Total Lunar Eclipse 2022: How to See the ‘Blood Moon’

The moon will shine a scarlet color during this year’s first total lunar eclipse on Sunday – a stark contrast to its ordinary milky white glow.

A partial eclipse will begin at 10:27 p.m. ET on Sunday, with the total lunar eclipse beginning at 11:29 p.m. ET, according to EarthSky. The total eclipse will end at 12:53 a.m. ET Monday, and the partial eclipse will end at 1:55 a.m. ET Monday, the site said.
A lunar eclipse occurs when the moon, Earth, and sun align, with the moon passing through Earth’s shadow, according to NASA. When the moon passes through the darkest part of Earth’s shadow, called the umbra, it’s called a total lunar eclipse, the space agency said.
When the sun’s rays reach Earth, much of the blue and green light is dispersed, while the orange and red colors remain visible, which is why the moon takes on a reddish hue and is often called the “blood moon.” “, according to the Old Farmer’s Almanac.

Not everyone will be able to see the total lunar eclipse because it has to be dark to see it, said Noah Petro, head of NASA’s Planetary Geology, Geophysics and Geochemistry Laboratory.

People in South America and eastern North America will have a great view of the lunar eclipse, he said. The total lunar eclipse will be visible over much of Africa, Europe and South America and most of North America.
About two lunar eclipses occur each year, and the next will be a total lunar eclipse in November, Petro said. Then there won’t be another total lunar eclipse until March 2025, he added.

How to see the eclipse

According to Petro, it is perfectly safe to see a lunar eclipse with the naked eye.

“That’s the great thing about lunar eclipses is that you don’t need any equipment other than a passion and interest in being outside and having a clear horizon,” Petro said.

For the best viewing conditions, avoid bright lights and tall buildings that could obstruct your view, he said.

While the peak of the eclipse may last only a short time, the copper tones of the moon will change throughout the night, according to Petro. These changes make this celestial phenomenon interesting to observe throughout the eclipse rather than at any particular time, he said.

If it’s cloudy or the lunar eclipse is not available, you can watch a live broadcast of it from NASA.
There will be seven more full moons in 2022, according to The Old Farmer’s Almanac:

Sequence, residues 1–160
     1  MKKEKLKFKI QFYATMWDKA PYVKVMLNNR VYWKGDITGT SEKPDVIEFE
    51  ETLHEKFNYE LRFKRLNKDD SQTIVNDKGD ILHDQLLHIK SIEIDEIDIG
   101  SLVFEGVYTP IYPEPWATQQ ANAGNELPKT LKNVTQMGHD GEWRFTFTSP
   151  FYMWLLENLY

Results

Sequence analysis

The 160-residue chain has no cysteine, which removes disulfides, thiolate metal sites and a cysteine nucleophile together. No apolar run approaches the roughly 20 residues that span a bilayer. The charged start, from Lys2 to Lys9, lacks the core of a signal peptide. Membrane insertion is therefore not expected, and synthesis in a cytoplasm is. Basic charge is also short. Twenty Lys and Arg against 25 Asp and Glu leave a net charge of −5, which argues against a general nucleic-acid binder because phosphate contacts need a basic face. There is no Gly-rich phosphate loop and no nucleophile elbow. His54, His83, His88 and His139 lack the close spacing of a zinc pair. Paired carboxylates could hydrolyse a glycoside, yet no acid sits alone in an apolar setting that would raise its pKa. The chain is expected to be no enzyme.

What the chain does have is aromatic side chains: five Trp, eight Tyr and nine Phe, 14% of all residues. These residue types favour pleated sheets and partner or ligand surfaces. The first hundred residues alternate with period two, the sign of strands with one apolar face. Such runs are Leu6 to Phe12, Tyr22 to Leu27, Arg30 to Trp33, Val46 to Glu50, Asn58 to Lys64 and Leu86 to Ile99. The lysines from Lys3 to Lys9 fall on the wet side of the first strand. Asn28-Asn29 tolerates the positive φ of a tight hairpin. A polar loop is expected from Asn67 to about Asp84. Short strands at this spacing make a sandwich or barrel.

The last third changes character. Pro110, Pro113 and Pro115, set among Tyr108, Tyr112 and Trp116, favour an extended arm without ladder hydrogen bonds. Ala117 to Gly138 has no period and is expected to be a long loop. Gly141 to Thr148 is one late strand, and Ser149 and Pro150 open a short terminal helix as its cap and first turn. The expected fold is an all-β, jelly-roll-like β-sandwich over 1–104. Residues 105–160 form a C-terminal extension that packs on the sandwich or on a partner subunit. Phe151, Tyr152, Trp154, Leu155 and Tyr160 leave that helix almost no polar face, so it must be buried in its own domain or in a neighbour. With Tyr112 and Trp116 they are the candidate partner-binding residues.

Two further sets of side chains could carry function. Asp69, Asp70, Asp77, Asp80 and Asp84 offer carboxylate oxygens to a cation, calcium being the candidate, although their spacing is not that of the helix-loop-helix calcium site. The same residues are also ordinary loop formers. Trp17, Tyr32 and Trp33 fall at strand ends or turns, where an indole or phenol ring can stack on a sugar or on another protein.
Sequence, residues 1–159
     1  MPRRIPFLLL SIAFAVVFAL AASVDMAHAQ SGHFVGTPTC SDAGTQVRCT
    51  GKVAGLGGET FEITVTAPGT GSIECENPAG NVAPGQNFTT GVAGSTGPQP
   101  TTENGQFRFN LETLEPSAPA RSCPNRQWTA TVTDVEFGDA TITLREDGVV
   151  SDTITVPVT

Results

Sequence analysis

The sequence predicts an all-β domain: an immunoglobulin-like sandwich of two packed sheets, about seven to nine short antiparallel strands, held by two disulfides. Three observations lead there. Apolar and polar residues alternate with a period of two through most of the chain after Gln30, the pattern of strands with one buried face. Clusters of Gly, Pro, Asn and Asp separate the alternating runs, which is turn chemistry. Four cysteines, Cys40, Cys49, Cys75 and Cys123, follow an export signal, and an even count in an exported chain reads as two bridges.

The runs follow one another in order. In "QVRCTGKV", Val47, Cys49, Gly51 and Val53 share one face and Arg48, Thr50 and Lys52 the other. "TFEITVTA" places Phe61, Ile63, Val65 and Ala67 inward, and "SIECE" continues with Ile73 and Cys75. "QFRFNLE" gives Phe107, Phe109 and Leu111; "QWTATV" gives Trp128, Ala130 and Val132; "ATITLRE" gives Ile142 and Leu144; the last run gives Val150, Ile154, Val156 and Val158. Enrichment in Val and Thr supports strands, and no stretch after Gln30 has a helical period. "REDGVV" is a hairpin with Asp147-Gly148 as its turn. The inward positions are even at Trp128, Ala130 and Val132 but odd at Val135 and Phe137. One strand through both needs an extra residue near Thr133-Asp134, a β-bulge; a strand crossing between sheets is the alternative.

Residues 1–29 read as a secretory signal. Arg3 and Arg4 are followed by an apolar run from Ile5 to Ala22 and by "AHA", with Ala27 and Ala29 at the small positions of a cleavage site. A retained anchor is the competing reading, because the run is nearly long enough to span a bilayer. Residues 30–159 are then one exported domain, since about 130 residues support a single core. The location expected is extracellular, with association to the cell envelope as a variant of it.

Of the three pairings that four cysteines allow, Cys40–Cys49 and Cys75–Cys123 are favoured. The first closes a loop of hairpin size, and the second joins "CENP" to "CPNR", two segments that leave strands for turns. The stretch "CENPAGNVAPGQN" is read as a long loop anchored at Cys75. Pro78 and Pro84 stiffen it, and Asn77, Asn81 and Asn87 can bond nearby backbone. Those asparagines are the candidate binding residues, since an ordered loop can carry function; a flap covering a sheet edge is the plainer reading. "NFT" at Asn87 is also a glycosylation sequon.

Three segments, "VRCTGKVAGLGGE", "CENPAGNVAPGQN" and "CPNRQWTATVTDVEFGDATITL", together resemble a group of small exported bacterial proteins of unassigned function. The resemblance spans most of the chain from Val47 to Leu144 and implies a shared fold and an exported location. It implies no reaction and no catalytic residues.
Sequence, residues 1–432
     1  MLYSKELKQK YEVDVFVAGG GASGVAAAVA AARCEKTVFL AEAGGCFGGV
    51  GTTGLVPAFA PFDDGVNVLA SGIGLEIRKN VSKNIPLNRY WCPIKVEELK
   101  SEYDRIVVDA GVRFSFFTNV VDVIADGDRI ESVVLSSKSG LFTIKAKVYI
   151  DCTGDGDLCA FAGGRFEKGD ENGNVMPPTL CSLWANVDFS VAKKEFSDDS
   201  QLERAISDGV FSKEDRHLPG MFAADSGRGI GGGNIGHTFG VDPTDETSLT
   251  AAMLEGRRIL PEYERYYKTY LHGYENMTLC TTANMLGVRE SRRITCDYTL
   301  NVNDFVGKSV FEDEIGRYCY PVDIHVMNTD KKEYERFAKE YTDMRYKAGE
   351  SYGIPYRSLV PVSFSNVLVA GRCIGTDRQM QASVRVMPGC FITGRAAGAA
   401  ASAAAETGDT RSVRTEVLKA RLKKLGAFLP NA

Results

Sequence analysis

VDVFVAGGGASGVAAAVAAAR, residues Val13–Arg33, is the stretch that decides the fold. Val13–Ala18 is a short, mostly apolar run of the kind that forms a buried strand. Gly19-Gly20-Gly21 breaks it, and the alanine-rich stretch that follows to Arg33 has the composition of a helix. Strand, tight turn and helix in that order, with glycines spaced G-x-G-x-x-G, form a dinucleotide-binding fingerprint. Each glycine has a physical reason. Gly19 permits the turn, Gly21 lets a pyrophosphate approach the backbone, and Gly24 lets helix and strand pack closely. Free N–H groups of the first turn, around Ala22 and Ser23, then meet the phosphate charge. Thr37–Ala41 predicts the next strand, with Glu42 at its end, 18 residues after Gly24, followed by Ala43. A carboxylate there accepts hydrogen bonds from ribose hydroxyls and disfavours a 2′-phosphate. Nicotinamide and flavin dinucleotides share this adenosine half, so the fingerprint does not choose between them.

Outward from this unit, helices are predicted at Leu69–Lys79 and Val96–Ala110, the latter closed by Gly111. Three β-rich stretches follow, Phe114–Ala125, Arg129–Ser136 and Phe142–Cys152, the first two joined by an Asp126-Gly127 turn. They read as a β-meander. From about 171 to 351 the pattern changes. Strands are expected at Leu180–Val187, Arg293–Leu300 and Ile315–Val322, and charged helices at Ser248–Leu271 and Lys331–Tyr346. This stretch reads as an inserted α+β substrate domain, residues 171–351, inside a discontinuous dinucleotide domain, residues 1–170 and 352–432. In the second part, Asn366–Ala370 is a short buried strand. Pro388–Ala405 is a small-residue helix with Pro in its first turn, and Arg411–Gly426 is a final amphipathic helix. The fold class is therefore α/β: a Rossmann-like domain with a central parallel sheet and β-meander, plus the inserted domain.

• September 10: harvest moon
These are the popularized names associated with monthly full moons, originating from Native American tribes. The names vary from tribe to tribe because a full moon had a different meaning in different tribes from month to month or season to season.

Lunar and solar eclipses

In addition to another total lunar eclipse in 2022, there will also be a partial solar eclipse, according to The Old Farmer’s Almanac.

Partial solar eclipses occur when the moon passes in front of the sun but blocks only part of its light. Be sure to wear appropriate eclipse glasses to view solar eclipses safely, as sunlight can damage your eyes.

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A partial solar eclipse on October 25 will be visible to those in Greenland, Iceland, Europe, northeast Africa, the Middle East, western Asia, India, and western China. It will not be visible from North America.

After this weekend, the next total lunar eclipse will also be on display for those in Asia, Australia, the Pacific, and South and North America on November 8 between 3:01 a.m. and 8:58 a.m. ET – but the moon will set for those in the eastern regions of North America.

meteor showers

Check out the nine remaining showers that will peak in 2022:
  • Southern Delta Aquariids: July 29-30
  • Alpha Capricornids: July 30-31
  • Southern Taurids: November 4-5
  • Northern Taurids: November 11-12
A beginner's guide to stargazing (courtesy of CNN Underscored)

If you live in an urban area, you might want to drive to a place that isn’t littered with city lights to get the best view.

Find an open area with a wide view of the sky. Make sure you have a chair or blanket so you can look up. And give your eyes about 20-30 minutes – without looking at your phone or other electronics – to adjust to the darkness so the meteors are easier to spot.


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